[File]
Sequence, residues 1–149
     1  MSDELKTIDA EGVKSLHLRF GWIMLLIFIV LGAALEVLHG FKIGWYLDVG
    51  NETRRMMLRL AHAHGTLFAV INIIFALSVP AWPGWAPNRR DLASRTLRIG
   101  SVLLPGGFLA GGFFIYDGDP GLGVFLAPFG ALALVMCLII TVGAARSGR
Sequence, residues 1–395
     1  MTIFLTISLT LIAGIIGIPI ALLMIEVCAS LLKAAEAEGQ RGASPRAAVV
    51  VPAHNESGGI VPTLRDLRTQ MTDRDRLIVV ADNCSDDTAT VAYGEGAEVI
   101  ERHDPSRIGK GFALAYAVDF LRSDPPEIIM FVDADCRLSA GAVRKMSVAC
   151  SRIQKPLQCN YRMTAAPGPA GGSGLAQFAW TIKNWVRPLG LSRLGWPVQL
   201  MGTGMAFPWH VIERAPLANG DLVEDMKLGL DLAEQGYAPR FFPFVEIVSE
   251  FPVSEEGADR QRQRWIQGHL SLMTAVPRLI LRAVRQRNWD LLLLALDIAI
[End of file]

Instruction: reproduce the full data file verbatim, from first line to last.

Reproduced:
Sequence, residues 1–149
     1  MSDELKTIDA EGVKSLHLRF GWIMLLIFIV LGAALEVLHG FKIGWYLDVG
    51  NETRRMMLRL AHAHGTLFAV INIIFALSVP AWPGWAPNRR DLASRTLRIG
   101  SVLLPGGFLA GGFFIYDGDP GLGVFLAPFG ALALVMCLII TVGAARSGR
Sequence, residues 1–395
     1  MTIFLTISLT LIAGIIGIPI ALLMIEVCAS LLKAAEAEGQ RGASPRAAVV
    51  VPAHNESGGI VPTLRDLRTQ MTDRDRLIVV ADNCSDDTAT VAYGEGAEVI
   101  ERHDPSRIGK GFALAYAVDF LRSDPPEIIM FVDADCRLSA GAVRKMSVAC
   151  SRIQKPLQCN YRMTAAPGPA GGSGLAQFAW TIKNWVRPLG LSRLGWPVQL
   201  MGTGMAFPWH VIERAPLANG DLVEDMKLGL DLAEQGYAPR FFPFVEIVSE
   251  FPVSEEGADR QRQRWIQGHL SLMTAVPRLI LRAVRQRNWD LLLLALDIAI